What Is Anastrozole? Understanding Its Impact On Breast Cancer Reduction
Anastrozole is a drug that halves a woman's risk of breast cancer and continues to work long after she stops taking it, according to researchers.
A drug that halves a woman’s risk of breast cancer continues to work long after they stop taking it, say researchers. Anastrozole blocks the production of the hormone oestrogen, which fuels the growth of many breast cancers. It is already available in the UK, but researchers at the Queen Mary University of London said only a tenth of eligible women were receiving it. Also, Cancer Research UK said the findings were reassuring. For the purpose of this article, we will explore the answers to the question: what is Anastrozole?
What Is Anastrozole, and who can take it?
Anastrozole can be given only after menopause because it cannot suppress oestrogen in younger women. Doctors already use it as a treatment once they diagnose breast cancer. But now trials are focusing on preventing cancers from emerging in the first place.
Previous research has shown anastrozole halves the risk of breast cancer during the five years women took the drug. But now, trials on 3,864 women show those taking it had 49% fewer breast cancers, even seven years after stopping treatment.
In other words – the benefit lasts.
The findings have been published in the Lancet and presented at the San Antonio Breast Cancer Symposium in Texas.
“Breast cancer is the commonest cancer in women and continuing to rise very rapidly,” Prof Jack Cuzick, the director of the Wolfson Institute of Preventive Medicine at Queen Mary University of London, told the BBC.
He added: “We now have an agent that looks really effective, with minimal side-effects.”
Isn’t this already available?
Doctors have encouraged post-menopausal women at high risk of developing breast cancer; due to family history and other risk factors, to take the drug since 2017.
“Uptake has really been quite low,” said Prof Cuzick. “Currently it's about 10% of these women and we think it should be substantially higher.”
One issue is that doctors are concerned about whether there is a long-term benefit. Another was around side-effects such as stiff joints, hot flushes, and vaginal dryness.
However, the study showed 75% of women given anastrozole were able to stick with the medication, compared with 77% who received a daily sugar pill. The academics say this suggests that the side-effects are not severe enough to stop women from taking the drug.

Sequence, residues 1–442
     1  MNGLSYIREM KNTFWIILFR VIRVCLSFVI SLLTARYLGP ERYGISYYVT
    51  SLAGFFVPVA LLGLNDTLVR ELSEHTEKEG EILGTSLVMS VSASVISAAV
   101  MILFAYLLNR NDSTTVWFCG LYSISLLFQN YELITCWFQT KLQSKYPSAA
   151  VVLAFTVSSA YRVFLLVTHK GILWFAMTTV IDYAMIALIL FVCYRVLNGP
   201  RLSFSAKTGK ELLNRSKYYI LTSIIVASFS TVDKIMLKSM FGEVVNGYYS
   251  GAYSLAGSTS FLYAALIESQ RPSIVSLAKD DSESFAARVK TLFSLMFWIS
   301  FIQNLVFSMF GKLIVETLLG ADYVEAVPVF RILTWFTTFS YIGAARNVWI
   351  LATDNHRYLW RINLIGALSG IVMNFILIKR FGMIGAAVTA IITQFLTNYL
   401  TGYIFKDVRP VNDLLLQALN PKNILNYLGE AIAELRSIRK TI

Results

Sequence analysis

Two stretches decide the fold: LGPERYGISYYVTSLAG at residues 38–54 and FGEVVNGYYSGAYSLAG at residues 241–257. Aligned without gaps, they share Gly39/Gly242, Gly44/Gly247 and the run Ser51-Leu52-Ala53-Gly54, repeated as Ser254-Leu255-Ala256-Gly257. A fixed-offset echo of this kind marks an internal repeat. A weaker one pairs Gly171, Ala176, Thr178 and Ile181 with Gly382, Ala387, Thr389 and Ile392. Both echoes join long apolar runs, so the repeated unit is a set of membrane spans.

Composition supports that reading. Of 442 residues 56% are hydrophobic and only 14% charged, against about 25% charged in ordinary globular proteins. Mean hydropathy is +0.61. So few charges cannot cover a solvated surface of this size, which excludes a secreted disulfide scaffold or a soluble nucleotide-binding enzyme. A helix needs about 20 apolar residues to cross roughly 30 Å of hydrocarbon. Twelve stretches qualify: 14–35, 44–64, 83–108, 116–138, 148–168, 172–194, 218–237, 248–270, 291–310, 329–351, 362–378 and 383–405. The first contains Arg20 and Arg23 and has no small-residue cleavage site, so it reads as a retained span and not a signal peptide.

How does the drug stop cancer?
Cancers are a corrupted version of healthy tissue.
However, a healthy cell does not become cancerous overnight. Instead, it goes through multiple mutations that gradually morph it from healthy to cancerous.
Anastrozole seems to be able to kill some cells that have begun the journey to becoming cancer.
“You’re setting the clock back 20 years and you have to start from scratch to develop cancer, which might take quite a long time,” Prof Cuzick told the BBC.
Will this eliminate the need for mastectomies?
Taking drugs to prevent breast cancer simply means that mastectomies are not the only preventive treatment anymore. But, some women are at such high risk of developing breast cancer that the danger would be too higher even with medication. They may decide a mastectomy is still the best option.
In the future, we hope that research will be able to predict who is most likely to benefit from the drugs or have the least side effects; which should make such decisions easier.
Are there other drugs?
Another drug that interferes with the hormone oestrogen – tamoxifen – also works to lower the risk of breast cancer. There was a 49% reduction in breast cancer with anastrozole after 12 years (five on treatment and seven years off). The equivalent figure for tamoxifen is 28%.
Dr Ivana Sestak, from Queen Mary, said: “The findings mean that for every 29 women taking anastrozole for five years, one case of breast cancer will be prevented during a 12-year period.
“Around 49 women would need to take tamoxifen for five years to prevent one breast cancer case during the same period.”
However, tamoxifen is effective in women before menopause. Anastrozole is also less expensive than tamoxifen.
What are experts saying?
Baroness Delyth Morgan, chief executive at Breast Cancer Now, said: “These major findings could be really important in helping postmenopausal women at high risk of breast cancer to decide whether anastrozole is the right option for them.
“It is worrying to hear that it may not be being offered to all that could benefit; we need to understand the extent of this potential issue.
“It’s essential that we raise awareness of this option among doctors and patients.”
Prof Charles Swanton, Cancer Research UK’s chief clinician, said: “Up until now we only knew that tamoxifen has long-lasting benefits. So it’s reassuring that this study looking specifically at anastrozole, which has fewer long-term side-effects; gives better protection to women years after they stopped taking the drug.
“Doctors may still decide that tamoxifen is more appropriate for some women, but it’s great that there are options.”